Once again, something that was formerly in the domain of science fiction has crossed the line over into reality. But in this case, that’s not the only line that has been crossed.
NPR recently reported that geneticists at the Oregon Health & Science University had created an embryo containing genetic material from three individuals as part of research aimed at curing genetic diseases caused by defective mitochondrial DNA. The geneticists located the bad DNA in unfertilized eggs, replaced it with good DNA from donated eggs, and then fertilized the now-fixed eggs, creating healthy embryos. (No human babies have been birthed from these embryos yet, but the researchers have used the process to create baby monkeys.)
This research has a good chance of eliminating certain genetic diseases which result in horrible situations, e.g., babies dying within days of being born, but that good may be offset by legal and ethical challenges.
For starters, there are questions about the “identity” of any babies born as a result of this procedure. Imagine the legal issues that could arise if three (or perhaps, even more) people were able to lay genetic claims on a single child. There could also be far deadlier results than legal issues regarding parentage. What the geneticists have essentially done is discover a way to pass genetic information across generations. If this process were to ever go awry, the result could be brand new genetic diseases rather than cures for existing ones.
Also, it doesn’t take too big a leap of imagination to see this process being used for enhancement in addition to cures. The concept of “designer babies” — i.e., babies who have been designed to have desirable traits such as a specific eye color or gender, or resistance to a particular malady — is not new, and this recent development offers yet another tool for creating them. But this could have far-reaching social implications. From NPR’s article:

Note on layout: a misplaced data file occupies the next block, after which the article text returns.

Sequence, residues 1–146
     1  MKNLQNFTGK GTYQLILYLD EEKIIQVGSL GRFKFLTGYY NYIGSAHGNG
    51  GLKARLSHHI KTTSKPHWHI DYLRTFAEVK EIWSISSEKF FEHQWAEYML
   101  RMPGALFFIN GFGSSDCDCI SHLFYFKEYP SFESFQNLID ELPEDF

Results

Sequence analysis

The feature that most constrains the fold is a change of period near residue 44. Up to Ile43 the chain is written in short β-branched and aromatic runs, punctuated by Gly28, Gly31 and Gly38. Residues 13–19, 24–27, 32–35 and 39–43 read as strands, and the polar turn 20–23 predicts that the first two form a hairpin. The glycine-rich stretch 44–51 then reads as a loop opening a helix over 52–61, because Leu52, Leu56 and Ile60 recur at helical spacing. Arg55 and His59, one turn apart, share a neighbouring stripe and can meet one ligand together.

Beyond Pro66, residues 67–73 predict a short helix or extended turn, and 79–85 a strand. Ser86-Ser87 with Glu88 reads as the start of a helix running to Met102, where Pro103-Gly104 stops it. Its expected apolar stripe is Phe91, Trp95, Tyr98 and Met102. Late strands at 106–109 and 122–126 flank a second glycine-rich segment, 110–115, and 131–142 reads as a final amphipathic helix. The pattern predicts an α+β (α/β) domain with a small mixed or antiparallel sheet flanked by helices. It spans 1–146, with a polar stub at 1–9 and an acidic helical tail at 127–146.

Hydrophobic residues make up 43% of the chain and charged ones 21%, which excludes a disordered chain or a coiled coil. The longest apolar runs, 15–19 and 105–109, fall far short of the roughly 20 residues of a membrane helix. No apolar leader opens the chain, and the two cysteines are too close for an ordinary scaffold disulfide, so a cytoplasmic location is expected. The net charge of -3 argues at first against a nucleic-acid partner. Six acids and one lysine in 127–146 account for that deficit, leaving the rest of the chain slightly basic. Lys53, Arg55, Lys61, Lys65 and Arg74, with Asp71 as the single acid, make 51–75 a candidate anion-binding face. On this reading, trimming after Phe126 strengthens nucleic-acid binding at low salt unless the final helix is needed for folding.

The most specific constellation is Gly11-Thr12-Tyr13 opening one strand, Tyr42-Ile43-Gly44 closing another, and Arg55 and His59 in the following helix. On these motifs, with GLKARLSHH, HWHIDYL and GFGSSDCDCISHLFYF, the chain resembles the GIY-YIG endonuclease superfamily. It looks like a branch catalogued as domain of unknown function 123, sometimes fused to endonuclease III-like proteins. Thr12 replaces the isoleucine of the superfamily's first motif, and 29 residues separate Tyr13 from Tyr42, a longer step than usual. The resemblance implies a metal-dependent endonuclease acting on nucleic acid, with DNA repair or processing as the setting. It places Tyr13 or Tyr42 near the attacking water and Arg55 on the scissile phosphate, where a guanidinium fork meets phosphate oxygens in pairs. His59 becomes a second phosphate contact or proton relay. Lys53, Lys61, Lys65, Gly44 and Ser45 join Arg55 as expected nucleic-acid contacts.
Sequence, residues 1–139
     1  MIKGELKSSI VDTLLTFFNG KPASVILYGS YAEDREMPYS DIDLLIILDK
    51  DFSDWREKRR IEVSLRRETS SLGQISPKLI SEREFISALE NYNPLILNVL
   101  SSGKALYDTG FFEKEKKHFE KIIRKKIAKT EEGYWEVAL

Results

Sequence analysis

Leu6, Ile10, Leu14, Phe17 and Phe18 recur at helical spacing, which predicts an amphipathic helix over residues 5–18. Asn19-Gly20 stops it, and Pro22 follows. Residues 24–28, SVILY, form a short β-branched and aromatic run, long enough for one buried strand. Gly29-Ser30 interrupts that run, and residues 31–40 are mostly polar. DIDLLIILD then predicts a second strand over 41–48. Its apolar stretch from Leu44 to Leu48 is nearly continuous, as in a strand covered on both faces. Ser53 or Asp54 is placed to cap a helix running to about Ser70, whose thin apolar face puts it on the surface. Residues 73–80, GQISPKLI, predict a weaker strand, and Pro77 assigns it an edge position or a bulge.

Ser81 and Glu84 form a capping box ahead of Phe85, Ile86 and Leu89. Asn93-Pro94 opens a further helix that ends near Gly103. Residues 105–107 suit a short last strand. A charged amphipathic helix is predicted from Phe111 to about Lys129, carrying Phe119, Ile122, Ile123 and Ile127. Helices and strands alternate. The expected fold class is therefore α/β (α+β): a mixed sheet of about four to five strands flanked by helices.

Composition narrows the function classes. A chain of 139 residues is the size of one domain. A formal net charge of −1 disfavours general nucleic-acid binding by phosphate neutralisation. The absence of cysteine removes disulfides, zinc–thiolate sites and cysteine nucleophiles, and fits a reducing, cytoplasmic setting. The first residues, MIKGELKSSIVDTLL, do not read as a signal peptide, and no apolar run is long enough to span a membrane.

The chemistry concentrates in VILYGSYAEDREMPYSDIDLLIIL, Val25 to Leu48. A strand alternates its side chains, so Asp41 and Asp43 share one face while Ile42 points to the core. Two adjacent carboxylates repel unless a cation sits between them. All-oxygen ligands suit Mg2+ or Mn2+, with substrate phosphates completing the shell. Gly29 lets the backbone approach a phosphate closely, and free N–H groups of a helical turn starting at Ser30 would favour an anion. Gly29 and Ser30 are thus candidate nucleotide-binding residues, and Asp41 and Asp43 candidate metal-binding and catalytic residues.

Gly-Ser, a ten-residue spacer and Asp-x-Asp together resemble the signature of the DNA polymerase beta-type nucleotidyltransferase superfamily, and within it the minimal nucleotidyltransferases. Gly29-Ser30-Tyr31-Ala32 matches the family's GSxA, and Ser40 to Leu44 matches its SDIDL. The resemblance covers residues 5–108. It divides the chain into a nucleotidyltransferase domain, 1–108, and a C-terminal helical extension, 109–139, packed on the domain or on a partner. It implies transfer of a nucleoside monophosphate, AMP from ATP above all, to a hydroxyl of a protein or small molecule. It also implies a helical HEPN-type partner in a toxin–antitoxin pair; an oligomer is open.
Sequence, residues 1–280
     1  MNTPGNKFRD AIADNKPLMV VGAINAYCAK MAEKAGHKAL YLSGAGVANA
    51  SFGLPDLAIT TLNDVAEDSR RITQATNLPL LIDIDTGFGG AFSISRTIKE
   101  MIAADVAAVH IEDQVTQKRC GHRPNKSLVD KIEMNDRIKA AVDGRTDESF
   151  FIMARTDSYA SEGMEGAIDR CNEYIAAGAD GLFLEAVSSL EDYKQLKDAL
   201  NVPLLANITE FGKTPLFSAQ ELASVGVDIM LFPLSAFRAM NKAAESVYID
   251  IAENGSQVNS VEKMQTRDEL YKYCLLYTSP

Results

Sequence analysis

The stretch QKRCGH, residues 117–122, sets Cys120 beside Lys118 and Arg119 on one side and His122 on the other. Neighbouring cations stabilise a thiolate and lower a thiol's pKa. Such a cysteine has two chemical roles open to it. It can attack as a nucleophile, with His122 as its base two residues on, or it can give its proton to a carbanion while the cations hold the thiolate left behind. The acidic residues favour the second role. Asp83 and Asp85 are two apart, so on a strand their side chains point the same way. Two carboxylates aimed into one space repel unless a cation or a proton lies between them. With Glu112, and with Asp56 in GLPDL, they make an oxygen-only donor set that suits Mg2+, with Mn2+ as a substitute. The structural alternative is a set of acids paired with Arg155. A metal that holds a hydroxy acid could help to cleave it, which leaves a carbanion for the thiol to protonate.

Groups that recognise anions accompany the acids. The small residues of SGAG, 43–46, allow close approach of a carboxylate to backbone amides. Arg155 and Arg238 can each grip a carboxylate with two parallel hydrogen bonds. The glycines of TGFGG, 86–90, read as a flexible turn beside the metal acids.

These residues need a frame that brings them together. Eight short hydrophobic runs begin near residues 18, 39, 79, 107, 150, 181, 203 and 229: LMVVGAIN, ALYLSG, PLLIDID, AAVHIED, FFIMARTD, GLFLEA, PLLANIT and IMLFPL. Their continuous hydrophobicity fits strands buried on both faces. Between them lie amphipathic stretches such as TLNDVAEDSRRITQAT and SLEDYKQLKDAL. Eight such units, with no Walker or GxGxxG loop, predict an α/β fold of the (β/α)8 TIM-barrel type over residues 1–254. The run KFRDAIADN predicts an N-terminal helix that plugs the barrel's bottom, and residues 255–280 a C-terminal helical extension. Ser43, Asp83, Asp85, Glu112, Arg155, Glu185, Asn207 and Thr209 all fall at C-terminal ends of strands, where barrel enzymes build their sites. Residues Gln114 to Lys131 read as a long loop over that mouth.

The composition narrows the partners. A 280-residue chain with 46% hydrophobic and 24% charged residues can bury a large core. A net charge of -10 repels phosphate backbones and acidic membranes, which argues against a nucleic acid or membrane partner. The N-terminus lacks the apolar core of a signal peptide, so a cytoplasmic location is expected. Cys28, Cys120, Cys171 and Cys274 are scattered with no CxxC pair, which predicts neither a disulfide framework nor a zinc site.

…the move raises those early fears about manipulating DNA to create a brave new world of genetic haves and have-nots, according to Darnovsky.
“Socially, what this would mean is we would be moving toward a world in which some people — and it would be people who could afford these procedures — would have either real or perceived genetic advantage,” she says.
It is becoming increasingly possible that our world, already so divided by ethnicity, culture, wealth, politics, religion, etc., could face additional divisions brought on by genetic enhancement. Enhancement that the Oregon geneticists are helping, inadvertently or not, to bring about.
As I’ve written before, we live in a day and age where advances in science and technology are rapidly undermining many of our long-standing notions of what can, and should, be done when it comes to humanity. This situation, and others like it, present a unique challenge and opportunity for Christians, given our belief that humans are not merely raw material to be used and experimented on, but rather, have been created in the Image of God. Indeed, much of our theology is founded upon that belief. We must carefully consider how such developments challenge that belief and think critically about Biblical decrees regarding life and what might violate them — even as we recognize and praise the benefits that research, when ethically done, can have for humanity.
Photo via Oregon Health & Science University.